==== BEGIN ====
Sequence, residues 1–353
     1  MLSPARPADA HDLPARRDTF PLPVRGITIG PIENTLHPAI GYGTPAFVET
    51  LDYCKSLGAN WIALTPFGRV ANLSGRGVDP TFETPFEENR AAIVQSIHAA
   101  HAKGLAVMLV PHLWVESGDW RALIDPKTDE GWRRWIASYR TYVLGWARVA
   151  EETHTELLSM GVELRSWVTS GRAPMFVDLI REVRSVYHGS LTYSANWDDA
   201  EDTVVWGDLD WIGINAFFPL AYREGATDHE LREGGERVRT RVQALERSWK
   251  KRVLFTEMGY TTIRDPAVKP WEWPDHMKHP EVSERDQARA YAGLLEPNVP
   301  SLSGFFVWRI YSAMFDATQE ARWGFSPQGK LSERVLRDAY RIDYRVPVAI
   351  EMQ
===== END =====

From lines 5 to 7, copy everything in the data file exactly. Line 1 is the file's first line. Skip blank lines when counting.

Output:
   151  EETHTELLSM GVELRSWVTS GRAPMFVDLI REVRSVYHGS LTYSANWDDA
   201  EDTVVWGDLD WIGINAFFPL AYREGATDHE LREGGERVRT RVQALERSWK
   251  KRVLFTEMGY TTIRDPAVKP WEWPDHMKHP EVSERDQARA YAGLLEPNVP